Now there was a good and righteous man named Joseph, who, though a member of the council, had not agreed to their plan and action. He came from the Jewish town of Arimathea, and he was waiting expectantly for the kingdom of God. This man went to Pilate and asked for the body of Jesus. Then he took it down, wrapped it in a linen cloth, and laid it in a rock-hewn tomb where no one had ever been laid. It was the day of Preparation, and the sabbath was beginning. The women who had come with him from Galilee followed, and they saw the tomb and how his body was laid. Then they returned, and prepared spices and ointments. On the sabbath they rested according to the commandment. – Luke 23:50-56
The Saturday before Easter has been called Easter Eve, Holy Saturday or even the Great Sabbath. Yesterday, we spent time reflecting on Jesus' trials, crucifixion and death. We learn in the above passage that Jesus' body was wrapped in linen and placed in a tomb. Usually, the body would be anointed with oil and then covered with spices prior to wrapping in the linen cloth but time did not allow this due to the approaching Sabbath. Sabbath is a day set aside for worship and rest. In Judaism, Sabbath is the seventh day of the week which begins at dusk on Friday evening and ends at dusk on Saturday evening. According to Exodus 20:8-11 the Sabbath is to be kept as a holy day of rest just as God rested on the seventh day of creation. And so, the women in charge of anointing Jesus' body rested on the Sabbath according to the commandment.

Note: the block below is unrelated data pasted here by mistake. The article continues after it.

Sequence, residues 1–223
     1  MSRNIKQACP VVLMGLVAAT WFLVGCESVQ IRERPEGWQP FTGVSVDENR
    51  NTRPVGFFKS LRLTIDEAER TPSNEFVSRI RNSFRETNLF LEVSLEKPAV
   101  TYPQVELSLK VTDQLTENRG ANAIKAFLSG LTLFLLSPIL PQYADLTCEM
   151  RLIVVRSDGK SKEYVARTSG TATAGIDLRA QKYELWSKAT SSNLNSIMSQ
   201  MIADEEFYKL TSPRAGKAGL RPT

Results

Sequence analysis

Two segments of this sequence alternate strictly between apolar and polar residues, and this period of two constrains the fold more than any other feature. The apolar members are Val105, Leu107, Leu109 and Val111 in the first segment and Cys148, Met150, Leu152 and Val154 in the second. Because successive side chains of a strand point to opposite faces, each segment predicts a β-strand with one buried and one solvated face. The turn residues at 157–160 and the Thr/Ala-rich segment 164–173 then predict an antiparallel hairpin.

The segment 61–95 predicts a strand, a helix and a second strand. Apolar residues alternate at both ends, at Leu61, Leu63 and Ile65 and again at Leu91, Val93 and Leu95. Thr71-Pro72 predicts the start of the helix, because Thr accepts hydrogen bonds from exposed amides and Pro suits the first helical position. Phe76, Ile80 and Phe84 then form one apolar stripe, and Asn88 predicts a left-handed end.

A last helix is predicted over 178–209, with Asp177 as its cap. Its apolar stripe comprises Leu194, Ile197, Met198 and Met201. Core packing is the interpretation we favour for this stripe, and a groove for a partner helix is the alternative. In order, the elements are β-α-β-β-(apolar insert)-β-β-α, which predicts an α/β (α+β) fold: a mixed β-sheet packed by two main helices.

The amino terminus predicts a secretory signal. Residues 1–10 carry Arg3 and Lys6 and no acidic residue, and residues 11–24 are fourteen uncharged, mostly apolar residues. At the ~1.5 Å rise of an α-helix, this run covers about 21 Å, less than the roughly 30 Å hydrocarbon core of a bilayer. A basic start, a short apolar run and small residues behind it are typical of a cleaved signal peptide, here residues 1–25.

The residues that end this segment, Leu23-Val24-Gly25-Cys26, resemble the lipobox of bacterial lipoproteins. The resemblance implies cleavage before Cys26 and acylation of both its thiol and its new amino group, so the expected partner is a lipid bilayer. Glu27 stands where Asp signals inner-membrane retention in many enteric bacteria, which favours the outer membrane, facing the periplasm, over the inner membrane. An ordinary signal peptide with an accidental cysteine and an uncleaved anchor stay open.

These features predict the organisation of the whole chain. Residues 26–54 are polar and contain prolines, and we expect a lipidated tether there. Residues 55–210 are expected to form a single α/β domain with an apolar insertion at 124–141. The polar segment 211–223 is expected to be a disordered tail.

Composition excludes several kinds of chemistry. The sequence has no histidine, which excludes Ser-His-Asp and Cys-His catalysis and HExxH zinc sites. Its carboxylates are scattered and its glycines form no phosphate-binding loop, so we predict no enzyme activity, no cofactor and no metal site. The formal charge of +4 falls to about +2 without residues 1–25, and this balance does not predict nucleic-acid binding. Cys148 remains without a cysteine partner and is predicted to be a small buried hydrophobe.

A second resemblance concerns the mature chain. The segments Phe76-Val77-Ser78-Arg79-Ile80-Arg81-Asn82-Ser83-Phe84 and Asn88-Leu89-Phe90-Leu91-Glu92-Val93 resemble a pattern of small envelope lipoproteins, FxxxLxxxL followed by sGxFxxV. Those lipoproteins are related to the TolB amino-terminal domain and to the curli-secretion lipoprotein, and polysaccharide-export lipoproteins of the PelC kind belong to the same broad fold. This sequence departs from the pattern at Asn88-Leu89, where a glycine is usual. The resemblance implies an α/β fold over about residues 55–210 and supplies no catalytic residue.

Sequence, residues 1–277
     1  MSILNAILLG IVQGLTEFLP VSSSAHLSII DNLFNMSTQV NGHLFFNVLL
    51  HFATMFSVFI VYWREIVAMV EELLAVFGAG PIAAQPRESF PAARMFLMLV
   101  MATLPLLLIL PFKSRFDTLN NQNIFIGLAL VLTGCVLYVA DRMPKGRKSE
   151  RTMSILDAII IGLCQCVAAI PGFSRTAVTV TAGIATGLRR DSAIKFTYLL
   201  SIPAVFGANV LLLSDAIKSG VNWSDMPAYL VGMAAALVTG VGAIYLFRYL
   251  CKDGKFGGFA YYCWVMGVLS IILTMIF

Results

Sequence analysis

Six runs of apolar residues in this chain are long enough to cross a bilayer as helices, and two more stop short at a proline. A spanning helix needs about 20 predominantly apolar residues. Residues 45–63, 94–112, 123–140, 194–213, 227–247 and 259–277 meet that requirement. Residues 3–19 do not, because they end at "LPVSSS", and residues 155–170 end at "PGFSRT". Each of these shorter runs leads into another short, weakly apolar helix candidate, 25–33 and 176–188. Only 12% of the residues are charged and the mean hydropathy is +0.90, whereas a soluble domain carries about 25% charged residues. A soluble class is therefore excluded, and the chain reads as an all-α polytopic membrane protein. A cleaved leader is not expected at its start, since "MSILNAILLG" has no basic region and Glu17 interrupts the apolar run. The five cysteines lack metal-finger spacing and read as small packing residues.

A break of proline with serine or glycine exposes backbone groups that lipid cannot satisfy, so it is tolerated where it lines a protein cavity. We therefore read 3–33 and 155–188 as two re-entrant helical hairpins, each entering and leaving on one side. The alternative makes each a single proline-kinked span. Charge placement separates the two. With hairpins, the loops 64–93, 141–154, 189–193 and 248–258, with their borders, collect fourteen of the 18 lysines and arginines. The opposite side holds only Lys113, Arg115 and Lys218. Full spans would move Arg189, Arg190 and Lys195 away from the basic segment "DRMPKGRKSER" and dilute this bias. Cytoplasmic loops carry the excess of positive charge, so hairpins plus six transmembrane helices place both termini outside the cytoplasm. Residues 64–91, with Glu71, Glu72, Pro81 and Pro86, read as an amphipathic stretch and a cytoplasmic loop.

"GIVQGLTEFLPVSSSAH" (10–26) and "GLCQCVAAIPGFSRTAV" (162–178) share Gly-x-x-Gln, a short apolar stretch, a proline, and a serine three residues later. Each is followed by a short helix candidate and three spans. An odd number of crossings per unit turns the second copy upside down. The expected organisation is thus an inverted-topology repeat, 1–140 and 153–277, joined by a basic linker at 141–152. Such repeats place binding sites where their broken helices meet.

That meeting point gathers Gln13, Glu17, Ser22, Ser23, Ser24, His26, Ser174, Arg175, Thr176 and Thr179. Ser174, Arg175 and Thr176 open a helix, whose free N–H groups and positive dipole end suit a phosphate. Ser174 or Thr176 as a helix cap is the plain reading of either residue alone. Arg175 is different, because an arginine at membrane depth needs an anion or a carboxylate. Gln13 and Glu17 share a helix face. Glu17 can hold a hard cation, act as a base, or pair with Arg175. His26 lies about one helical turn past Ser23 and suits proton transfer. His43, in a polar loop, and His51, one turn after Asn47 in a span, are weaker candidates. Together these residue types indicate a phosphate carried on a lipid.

But was it really a day of rest? Perhaps it was more a day of restlessness. We have been on a journey living into and understanding Jesus' death since Ash Wednesday. We are constantly looking forward to the celebration of Easter Sunday because we know that the story didn't end on Good Friday. But what of Jesus' followers? Can you put yourself in their shoes? A day of rest. A day of confusion. A day of deep mourning. And a day of restlessness.
"Didn't Jesus say something would happen in three days? Does anybody remember what he said?" they asked each other.
They wanted to know if this was the end of the story or just the beginning. We too have been on a journey this Lenten season. We have been challenged to turn from our own cravings that are wants to the cravings that God truly desires us to have. We have heard people from South Dallas and from Chicuque share their stories. Are we ready to just rest? Or, are we also restless? Is this the end of the story or just the beginning?
Holy Saturday Prayer
God, turn my restlessness into action. Help me to crave for your people what you crave for your people. Amen.